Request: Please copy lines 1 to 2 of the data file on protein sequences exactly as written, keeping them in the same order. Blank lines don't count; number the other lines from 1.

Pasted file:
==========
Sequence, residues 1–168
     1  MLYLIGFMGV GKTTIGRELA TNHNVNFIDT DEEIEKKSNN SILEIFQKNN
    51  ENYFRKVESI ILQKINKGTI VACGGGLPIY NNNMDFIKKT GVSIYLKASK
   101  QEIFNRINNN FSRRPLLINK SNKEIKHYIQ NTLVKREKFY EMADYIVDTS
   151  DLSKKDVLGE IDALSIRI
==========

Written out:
Sequence, residues 1–168
     1  MLYLIGFMGV GKTTIGRELA TNHNVNFIDT DEEIEKKSNN SILEIFQKNN